Very late in the production of this report, following its formal approval and public release of the prepublication version of this report by the National Academies of Sciences, Engineering, and Medicine, previously undisclosed information was brought to the committee’s attention concerning consultations between the Federal Aviation Administration (FAA), NASA, and SpaceX on the planetary protection implications of the test flight of the Falcon 9 Heavy launched on February 6, 2018. The paragraphs below were drafted by Dr. Betsy Pugel of NASA’s Office of Planetary Protection—with concurrence from SpaceX; the FAA; and NASA’s Launch Services Program, Office of Safety and Mission Assurance, and Office of International and Interagency Relations—and are presented below unedited.
In August of 2017, NASA responded to the Federal Aviation Administration’s (FAA) interagency license review process regarding the Space Exploration Technologies (SpaceX) demonstration launch of the Falcon Heavy from Launch Complex 39A at Kennedy Space Center. At that juncture, the payload and trajectory were only generally defined with no direct reference to a Mars-targeted orbit.
On December 1, 2017, SpaceX founder Elon Musk posted the following information on twitter regarding the aforementioned demonstration launch, “Payload will be my midnight cherry Tesla roadster playing Space Oddity. Destination is Mars orbit. Will be in deep space for a billion years or so if it doesn’t blow up on ascent.” Given the interest by NASA and the broader scientific community about the integrity of celestial bodies where contamination could compromise future science investigations, NASA queried both the FAA and SpaceX regarding the new information. NASA raised the potential for planetary protection implications associated with Mars as a potential target body to the FAA and SpaceX, and requested more information on how SpaceX planned to address planetary protection for the Roadster purported to be headed to a Mars orbit. SpaceX clarified that the Falcon Heavy mission did not include a flyby, orbiter, or lander for a target body, which is consistent with the launch license issued by the FAA for this mission. A spacecraft not encountering another planetary body is not subject to NASA or COSPAR planetary protection policy.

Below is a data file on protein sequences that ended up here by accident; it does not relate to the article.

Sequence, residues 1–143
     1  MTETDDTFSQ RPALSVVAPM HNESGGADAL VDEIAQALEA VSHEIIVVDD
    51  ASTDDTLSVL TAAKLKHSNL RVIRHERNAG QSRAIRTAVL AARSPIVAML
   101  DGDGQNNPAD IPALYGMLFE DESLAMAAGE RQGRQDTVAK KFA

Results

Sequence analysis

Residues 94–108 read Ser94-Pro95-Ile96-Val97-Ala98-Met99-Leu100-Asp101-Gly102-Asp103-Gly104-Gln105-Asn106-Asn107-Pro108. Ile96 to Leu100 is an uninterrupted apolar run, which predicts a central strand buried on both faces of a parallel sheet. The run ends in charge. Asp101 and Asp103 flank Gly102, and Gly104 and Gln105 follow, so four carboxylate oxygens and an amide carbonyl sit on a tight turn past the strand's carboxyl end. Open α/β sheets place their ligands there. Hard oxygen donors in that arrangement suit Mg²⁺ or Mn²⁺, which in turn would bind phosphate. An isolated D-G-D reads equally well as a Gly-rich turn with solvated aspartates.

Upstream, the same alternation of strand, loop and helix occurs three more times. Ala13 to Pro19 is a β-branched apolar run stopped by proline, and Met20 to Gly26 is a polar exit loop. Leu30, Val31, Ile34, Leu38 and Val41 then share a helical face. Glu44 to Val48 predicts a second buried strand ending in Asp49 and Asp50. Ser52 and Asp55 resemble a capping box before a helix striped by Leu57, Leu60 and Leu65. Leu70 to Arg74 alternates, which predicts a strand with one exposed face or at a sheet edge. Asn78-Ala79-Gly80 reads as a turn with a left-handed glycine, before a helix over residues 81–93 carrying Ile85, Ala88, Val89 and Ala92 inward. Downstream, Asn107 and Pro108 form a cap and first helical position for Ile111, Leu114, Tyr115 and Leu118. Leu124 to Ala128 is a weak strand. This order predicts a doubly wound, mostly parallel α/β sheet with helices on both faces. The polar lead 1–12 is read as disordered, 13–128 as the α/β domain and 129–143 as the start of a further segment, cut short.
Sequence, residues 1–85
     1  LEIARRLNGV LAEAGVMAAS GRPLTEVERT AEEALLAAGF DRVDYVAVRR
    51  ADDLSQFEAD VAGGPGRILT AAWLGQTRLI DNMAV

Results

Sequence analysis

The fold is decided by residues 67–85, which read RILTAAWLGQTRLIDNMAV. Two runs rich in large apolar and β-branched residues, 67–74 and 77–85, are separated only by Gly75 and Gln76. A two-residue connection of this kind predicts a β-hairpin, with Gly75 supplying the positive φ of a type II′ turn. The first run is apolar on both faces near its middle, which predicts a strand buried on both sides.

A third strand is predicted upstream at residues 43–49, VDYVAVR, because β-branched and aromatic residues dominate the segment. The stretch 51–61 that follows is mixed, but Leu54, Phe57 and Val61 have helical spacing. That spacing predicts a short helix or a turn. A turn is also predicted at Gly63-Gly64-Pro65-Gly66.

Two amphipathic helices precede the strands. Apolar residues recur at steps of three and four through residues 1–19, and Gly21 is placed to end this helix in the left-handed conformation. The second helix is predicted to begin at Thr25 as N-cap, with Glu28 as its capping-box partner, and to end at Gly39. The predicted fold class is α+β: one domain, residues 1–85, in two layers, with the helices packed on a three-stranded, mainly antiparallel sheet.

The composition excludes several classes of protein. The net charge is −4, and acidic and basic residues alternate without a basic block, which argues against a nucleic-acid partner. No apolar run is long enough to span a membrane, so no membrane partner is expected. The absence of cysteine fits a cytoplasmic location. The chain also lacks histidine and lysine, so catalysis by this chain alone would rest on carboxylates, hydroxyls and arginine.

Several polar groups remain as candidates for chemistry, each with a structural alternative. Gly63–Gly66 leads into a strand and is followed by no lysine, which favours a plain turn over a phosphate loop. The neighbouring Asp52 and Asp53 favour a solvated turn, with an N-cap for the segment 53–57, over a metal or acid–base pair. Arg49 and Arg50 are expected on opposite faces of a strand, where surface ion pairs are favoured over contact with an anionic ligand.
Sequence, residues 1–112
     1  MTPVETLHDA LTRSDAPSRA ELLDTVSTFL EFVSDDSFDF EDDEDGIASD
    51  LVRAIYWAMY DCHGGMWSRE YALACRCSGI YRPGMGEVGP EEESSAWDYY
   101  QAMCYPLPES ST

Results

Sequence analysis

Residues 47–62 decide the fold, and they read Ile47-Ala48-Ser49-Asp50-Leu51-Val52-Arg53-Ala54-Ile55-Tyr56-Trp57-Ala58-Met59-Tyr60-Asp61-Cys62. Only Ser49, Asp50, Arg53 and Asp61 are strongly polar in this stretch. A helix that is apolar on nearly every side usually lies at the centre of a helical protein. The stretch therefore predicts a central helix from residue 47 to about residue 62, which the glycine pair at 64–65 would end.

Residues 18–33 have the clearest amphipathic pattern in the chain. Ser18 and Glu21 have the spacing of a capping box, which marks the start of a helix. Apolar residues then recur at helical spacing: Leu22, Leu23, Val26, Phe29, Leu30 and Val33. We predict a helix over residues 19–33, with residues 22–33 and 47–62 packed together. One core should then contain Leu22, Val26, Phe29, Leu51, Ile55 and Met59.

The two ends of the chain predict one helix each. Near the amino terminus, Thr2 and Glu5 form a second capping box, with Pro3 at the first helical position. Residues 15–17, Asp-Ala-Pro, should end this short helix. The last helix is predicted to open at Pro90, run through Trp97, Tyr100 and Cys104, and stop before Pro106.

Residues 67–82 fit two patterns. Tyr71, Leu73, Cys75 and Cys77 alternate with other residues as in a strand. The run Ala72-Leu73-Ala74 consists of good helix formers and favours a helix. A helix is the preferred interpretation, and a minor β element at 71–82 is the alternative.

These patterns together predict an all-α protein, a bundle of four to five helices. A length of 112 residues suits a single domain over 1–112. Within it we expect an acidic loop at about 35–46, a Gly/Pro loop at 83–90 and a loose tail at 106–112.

Using limited trajectory information provided from SpaceX to NASA via the FAA, NASA conducted limited long-term propagations of Tesla Roadster trajectories, primarily to assess immediate potential risks to NASA’s scientific assets. Those trajectories could not be rendered into standard probability of impact calculations to assess longer-term risks to scientific assets beyond the immediate launch window. Consequently, NASA formally responded back to the FAA on January 22, 2018, that although NASA was not in a position to confirm the probability of an impact on Mars, NASA noted that SpaceX’s information implied a consistency with international guidelines on planetary protection. The FAA issued the launch license for this mission on February 2, 2018.
We have previously seen that there is value in conducting standard longer-term propagations of the probability of impact of a spacecraft or launch vehicle hardware, including zero velocity returns of hardware. One example is the return of the Apollo 12 Saturn S-IVB third stage (COSPAR Object Identifier J002E3). Launched in 1971, in 2002 it was thought to be a new asteroid, J002E3. It was confirmed to be the Apollo 12 third stage and is now known to be in a 40 year cycle between heliocentric and geocentric orbit. This object could eventually reenter the Earth’s atmosphere and represented a known example of why long-term propagations on the order of several decades are conducted in assessing probability of impact for target bodies of biological interest, such as Mars.
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